Lyons’ Den: An Interview With Dr Pearse Lyons
Published on Feb 25 2014 5:33 PM in Features
Dr Pearse Lyons, the sixth-richest man in Ireland, according to the Sunday Times Rich List, may have amassed his fortune from animal nutrition, but it is his brewing and distilling past that has brought him back to Dublin for a major convention this month. As Stephen Wynne-Jones found out, he’s not afraid to put his money where his mouth is. This article first appeared in the July 2013 edition of Checkout.
Of all the things you can say about Dr Pearse Lyons, you can’t accuse him of being low-key. The founder of biochemistry and animal nutrition giant Alltech was in Ireland last month to launch the inaugural International Craft Brewing and Distilling Convention, taking place at the Convention Centre Dublin later this month (as well as accompanying the Kennedy clan on their visit to New Ross). The aim of the convention is to highlight and push for greater investment in the craft-brewing industry, and the ebullient Dr Lyons is quick to point out Ireland’s untapped potential.
“Is Ireland coming late to the party? Not at all,” he tells Checkout. “Ireland is coming in at an opportune time. Entrepreneurs don’t see a problem, they see an opportunity. If we can put the right people in place, Ireland has an opportunity to dominate in this field, at a global level.”
Talking to the 68-year-old Dublin boy done good, you get the feeling that he means every word.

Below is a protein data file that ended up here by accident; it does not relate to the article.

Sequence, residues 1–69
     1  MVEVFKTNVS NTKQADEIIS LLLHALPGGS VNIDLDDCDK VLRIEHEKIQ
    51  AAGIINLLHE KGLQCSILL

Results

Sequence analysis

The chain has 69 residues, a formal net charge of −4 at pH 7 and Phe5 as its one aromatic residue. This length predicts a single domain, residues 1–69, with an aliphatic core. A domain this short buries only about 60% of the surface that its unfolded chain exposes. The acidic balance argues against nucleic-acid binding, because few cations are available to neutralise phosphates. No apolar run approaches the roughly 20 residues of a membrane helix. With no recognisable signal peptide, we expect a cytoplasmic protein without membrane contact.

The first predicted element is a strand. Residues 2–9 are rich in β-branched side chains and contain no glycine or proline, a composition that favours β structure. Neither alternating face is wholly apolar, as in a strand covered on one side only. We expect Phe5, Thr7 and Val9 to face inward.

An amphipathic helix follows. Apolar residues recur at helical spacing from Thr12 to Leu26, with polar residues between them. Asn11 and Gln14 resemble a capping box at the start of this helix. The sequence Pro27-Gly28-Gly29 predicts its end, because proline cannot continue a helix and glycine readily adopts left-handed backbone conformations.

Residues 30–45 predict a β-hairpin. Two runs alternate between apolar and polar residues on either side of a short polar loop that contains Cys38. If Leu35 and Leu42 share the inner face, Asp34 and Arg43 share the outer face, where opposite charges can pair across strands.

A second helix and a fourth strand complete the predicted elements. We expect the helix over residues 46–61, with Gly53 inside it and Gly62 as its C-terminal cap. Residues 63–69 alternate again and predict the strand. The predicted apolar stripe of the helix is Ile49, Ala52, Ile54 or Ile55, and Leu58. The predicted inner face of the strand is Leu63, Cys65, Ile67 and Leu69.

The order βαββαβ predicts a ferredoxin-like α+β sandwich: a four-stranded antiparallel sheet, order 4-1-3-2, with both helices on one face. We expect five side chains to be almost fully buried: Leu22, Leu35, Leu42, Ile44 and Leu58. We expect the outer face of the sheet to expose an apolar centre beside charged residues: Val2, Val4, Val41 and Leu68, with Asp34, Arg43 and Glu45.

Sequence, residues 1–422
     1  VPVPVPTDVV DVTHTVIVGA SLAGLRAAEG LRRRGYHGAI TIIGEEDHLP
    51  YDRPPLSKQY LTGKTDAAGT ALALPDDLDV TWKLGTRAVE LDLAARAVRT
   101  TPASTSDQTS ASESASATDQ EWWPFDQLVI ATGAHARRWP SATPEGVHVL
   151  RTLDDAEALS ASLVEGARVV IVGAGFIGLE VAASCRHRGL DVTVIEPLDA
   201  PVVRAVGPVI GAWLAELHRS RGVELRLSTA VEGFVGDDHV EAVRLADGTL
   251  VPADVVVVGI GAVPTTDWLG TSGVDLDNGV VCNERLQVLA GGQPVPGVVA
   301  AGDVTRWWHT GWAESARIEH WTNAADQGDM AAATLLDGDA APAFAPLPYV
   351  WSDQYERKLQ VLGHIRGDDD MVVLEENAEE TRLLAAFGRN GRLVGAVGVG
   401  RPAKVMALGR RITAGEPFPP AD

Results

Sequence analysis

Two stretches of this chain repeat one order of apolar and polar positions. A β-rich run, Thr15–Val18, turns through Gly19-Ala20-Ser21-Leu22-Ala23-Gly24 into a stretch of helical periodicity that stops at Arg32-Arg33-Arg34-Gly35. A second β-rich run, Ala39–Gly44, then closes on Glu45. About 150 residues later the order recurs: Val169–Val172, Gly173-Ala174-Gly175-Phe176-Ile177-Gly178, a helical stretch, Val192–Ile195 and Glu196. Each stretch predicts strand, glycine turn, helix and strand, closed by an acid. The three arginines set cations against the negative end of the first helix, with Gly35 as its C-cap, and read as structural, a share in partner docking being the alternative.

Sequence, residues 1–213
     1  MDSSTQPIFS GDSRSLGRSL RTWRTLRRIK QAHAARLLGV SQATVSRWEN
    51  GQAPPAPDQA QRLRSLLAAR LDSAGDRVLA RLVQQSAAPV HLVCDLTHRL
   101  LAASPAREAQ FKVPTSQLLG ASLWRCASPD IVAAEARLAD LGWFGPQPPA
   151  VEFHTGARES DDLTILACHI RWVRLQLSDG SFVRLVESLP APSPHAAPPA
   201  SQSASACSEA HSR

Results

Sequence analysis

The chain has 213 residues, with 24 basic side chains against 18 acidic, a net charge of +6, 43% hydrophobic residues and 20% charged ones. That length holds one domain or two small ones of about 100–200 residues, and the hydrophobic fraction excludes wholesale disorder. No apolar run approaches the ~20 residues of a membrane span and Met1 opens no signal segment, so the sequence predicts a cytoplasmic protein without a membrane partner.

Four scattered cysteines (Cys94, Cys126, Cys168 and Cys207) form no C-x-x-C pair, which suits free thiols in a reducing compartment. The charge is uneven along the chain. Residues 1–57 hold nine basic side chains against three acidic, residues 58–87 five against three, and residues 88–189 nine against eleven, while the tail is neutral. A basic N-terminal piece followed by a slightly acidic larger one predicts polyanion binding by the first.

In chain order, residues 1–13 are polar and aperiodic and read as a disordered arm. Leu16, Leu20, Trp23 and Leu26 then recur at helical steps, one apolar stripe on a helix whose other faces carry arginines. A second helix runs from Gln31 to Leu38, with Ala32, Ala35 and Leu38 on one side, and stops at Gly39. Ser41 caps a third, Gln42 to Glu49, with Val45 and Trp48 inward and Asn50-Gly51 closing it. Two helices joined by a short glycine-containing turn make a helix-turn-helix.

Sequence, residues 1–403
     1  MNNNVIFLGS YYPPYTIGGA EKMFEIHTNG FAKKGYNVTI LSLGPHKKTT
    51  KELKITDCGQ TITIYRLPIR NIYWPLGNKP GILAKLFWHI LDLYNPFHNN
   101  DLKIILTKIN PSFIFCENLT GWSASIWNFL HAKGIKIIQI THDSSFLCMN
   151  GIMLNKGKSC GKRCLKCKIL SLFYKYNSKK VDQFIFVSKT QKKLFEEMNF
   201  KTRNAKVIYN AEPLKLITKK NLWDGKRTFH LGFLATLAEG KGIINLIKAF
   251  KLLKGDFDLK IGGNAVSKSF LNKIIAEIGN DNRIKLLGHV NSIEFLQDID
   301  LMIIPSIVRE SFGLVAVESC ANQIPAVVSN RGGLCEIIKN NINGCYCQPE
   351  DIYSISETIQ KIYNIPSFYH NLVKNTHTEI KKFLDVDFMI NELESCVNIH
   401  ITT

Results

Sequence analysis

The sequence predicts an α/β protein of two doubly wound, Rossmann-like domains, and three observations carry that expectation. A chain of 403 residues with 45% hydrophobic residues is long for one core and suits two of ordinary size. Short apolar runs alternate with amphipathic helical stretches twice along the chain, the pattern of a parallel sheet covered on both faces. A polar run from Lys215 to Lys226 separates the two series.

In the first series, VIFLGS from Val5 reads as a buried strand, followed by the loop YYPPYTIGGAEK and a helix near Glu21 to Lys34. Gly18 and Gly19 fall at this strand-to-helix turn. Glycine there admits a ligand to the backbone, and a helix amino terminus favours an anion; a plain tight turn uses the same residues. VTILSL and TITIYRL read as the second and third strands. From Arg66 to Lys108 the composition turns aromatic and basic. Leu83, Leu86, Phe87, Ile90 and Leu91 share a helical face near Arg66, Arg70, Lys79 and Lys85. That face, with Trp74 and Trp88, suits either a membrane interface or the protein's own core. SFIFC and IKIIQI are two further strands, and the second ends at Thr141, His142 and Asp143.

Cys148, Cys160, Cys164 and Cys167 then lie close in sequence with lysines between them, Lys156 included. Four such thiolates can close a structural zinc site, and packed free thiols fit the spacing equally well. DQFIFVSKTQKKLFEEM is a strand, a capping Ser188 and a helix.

Lyons, currently the sixth-richest person in Ireland, with an estimated fortune of €1.08 billion, has lived in the States since 1976, yet it is Ireland, specifically Irish Distillers, to which he owes a lot in terms of his career journey.
“I studied biochemistry at UCD, and went on to do a PhD in brewing at the British School of Malting and Brewing in Birmingham,” he explains. “I was fortunate to get a job working with Kevin McCourt, just as Irish Distillers was coming together. My job was to be the main process chemist as it were for what would ultimately become the Jameson Distillery down in Midleton.”
Following a spell in brewing in the UK, Lyons moved to Kentucky, where he would sow the seeds for what would become one of the world’s largest animal nutrition firms, applying the science that he garnered from his time in the drinks industry to developing natural feed supplements. Alltech was founded in 1980. Today, the company has offices in 128 countries around the world, employs around 2,800 people, and expects to hit $1 billion in sales revenue next year.
But Lyons has always retained a strong affinity to his past, operating a brewing and distilling school in Kentucky for the past 25 years. He acquired the Lexington Brewing and Distilling Company in 2000, one of few joint brewing and distilling facilities in the world, and has gone on to develop several award-winning products, such as Kentucky Bourbon Barrel Ale, which is available in Ireland. “Our distillery is on what’s called the ‘Bourbon Trail’, a trail of seven or eight distilleries in the state that is ranked one of the top ten tourist destinations in the United States from a tourism point of view,” he explains.
By developing his own craft brewery, however, Lyons soon found himself part of a movement, the scale of which even amazed him.
“About four or five months ago, I happened to go to a craft brewers’ meeting up in Washington, and I was amazed at how many craft brewers there were – something like 2,700 craft brewers in the United States, with a further 1,200 planned to open in 2013,” he explains. “These guys represented about 7-8% of the total industry, but were the only part that was showing significant growth, 20%-30% per annum. It’s a really vibrant, growing industry. Plus, you had around 7,000 people there, each of which was paying about $700 for the privilege.